In 1992, an official with the Indoor Air Division of the U.S. Environmental Protection Agency, wrote a critique of the NASA study, and said that scaling up the number of plants used in the study for use in a house — the author estimates 680 plants would be required in a typical house — makes using them impractical, and would cause other problems, such as increased humidity.
A study published by the American Society of Horticulture Science in 2009 found that snake plants were effective at reducing ozone in indoor environments, but that more study would be necessary to determine the number of plants required in an area. The study recommended inexpensive houseplants as a way to mitigate indoor air pollution in the developing world.
In 2019, a review of a dozen studies over 30 years was published by scientists at Drexel University, and their findings show that plants are not effective at cleaning the air.
"Plants are great, but they don't actually clean indoor air quickly enough to have an effect on the air quality of your home or office environment," said Michael Waring, an associate professor of architectural and environmental engineering at Drexel.
Drexel researchers found that the natural air exchange that happens in buildings works faster than plants to remove volatile organic compounds. They also found that the number of plants required to remove such compounds makes it impractical to use them for this purpose. According to their calculations, it would take between 10 and 1,000 plants per square meter of floor space to compete with the air cleaning capacity of a few open windows or a building's air handling system.
A Facebook post claims that according to a NASA study, six to eight snake plants could produce enough oxygen to keep humans alive in a room with no airflow.
We found no evidence to support that claim. A 1989 NASA study found that snake plants could remove certain toxins from small sealed spaces under certain conditions. But it did not examine whether snake plants would be able to keep humans alive in sealed rooms. Other researchers have questioned the NASA study’s findings and found that relying on plants is an impractical way of cleaning indoor air.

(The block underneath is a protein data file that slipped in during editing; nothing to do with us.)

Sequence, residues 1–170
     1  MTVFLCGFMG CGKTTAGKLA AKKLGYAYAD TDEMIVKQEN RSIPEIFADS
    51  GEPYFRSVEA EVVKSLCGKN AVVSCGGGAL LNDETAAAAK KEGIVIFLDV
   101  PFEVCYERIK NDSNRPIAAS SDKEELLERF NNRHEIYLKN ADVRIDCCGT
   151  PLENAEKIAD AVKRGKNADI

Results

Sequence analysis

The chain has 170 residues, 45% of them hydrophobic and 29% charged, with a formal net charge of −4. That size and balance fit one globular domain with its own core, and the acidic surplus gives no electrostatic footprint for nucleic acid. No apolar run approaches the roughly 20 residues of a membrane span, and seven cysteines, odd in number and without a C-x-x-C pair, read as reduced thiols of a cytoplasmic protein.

We rate this claim False.
Facebook post, Dec. 10, 2021. Accessed Dec. 16, 2021.
Email interview, Rob Margetta, public affairs officer, NASA Headquarters, Dec. 16, 2021.
NASA Office of Commercial Programs – Technology Utilization Division, Associated Landscape Contractors of America, "Interior Landscape Plants for Indoor Air Pollution Abatement," B.C. Wolverton, Ph.D., et. al., Sept. 15, 1989. Accessed Dec. 21, 2021.
Alaska Master Gardener Blog, "Indoor air quality and plants - clear as smoke?" June 24, 2015. Accessed Dec. 21, 2021.
HortTechnology, American Society of Horticulture Science, "Effectiveness of Houseplants in Reducing the Indoor Air Pollutant Ozone," Heather L. Papinchak, E. Jay Holcomb, Teodora Orendovici Best, and Dennis R. Decoteau, January 2009. Accessed Dec. 21, 2021.
L.A. Times, "Indoor Air-Cleaning System Rooted in Plants," Jan. 13, 1991. Accessed Dec. 22, 2021.
U.S. Environmental Protection Agency, "Comment on the Use of Plants as a Means to Control Indoor Air Pollution," John R. Girman, branch chief, analysis branch, Indoor Air Division, 1992. Accessed Dec. 22, 2021.
Journal of Exposure Science & Environmental Epidemiology, "Potted plants do not improve indoor air quality: a review and analysis of reported VOC removal efficiencies," Bryan E. Cummings, Michael S. Waring, Nov. 6, 2019. Accessed Dec. 22, 2021.
Drexel University, news release, "Study: Actually, potted plants don't improve indoor air quality," Nov. 6, 2019. Accessed Dec. 22, 2021.